The Preston model: UK takes lessons in recovery from rust-belt Cleveland
“The system wasn’t working,” says Matthew Brown, Preston cabinet member for social justice, inclusion and policy – and the driving force behind many of the recent transformations at the council. “Something had to change.”
So in 2013, the council employed a thinktank, the Centre for Local Economic Strategies (CLES), to help identify 12 large institutions anchored to Preston, including the city and the county council, the university, the police and the hospital. It looked at redirecting the £1.2bn total annual spending power of these anchors to local businesses. Preston city council has since spent an additional £4m locally, from 14% of its budget in 2012 to 28% in 2016.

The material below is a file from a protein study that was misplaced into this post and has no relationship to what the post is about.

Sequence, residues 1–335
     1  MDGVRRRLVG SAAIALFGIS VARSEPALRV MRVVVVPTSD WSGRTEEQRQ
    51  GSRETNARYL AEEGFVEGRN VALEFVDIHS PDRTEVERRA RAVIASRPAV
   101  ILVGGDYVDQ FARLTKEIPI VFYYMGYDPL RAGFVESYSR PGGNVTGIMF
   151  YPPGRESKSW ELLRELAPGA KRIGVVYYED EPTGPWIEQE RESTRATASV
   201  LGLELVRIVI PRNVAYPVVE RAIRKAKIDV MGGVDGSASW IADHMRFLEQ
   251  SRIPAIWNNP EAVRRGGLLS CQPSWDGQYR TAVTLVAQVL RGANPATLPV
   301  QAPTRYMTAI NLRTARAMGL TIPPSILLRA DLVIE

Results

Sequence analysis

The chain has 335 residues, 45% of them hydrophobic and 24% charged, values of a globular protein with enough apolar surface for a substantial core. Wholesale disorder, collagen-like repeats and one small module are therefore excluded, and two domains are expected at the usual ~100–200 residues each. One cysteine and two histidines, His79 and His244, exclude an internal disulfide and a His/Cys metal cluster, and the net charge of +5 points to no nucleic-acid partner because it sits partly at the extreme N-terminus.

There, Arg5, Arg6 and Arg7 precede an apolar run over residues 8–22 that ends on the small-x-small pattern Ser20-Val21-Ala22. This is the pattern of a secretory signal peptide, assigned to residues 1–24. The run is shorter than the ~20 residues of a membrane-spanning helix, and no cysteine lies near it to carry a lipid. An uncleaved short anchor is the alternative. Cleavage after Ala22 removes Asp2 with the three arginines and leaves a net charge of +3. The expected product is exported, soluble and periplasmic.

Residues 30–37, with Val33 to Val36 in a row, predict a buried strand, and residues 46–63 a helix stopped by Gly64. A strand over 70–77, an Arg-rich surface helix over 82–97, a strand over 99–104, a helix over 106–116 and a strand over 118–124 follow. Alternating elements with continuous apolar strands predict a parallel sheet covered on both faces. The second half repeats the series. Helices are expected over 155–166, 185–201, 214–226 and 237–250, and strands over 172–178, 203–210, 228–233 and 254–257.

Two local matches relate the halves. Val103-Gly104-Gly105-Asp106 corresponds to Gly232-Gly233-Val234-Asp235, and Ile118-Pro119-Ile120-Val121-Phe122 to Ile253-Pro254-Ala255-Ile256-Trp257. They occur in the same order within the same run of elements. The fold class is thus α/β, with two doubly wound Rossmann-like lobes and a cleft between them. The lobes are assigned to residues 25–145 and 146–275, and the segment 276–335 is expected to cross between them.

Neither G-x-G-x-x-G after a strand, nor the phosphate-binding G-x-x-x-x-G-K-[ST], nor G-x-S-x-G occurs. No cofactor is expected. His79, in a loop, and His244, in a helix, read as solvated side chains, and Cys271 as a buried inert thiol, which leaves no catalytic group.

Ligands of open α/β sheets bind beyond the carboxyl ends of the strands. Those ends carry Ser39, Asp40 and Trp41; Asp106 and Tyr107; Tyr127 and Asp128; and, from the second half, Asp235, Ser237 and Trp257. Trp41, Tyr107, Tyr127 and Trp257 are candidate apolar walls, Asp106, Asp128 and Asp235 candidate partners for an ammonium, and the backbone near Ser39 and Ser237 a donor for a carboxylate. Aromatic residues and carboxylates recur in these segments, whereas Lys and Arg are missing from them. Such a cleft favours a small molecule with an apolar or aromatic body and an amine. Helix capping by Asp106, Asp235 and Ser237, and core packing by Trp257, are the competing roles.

Preston, like any city, has its own particular challenges that mean a straight transplant of the Cleveland model is impossible. So CLES adapted it. Rather than creating co-operatives from scratch, Neil McInroy, CLES chief executive, says they sought existing business that could win contracts, such as a £600,000 printing contract tendered by the constabulary and a £1.6m council food budget, which was broken into lots and awarded to farmers in the region.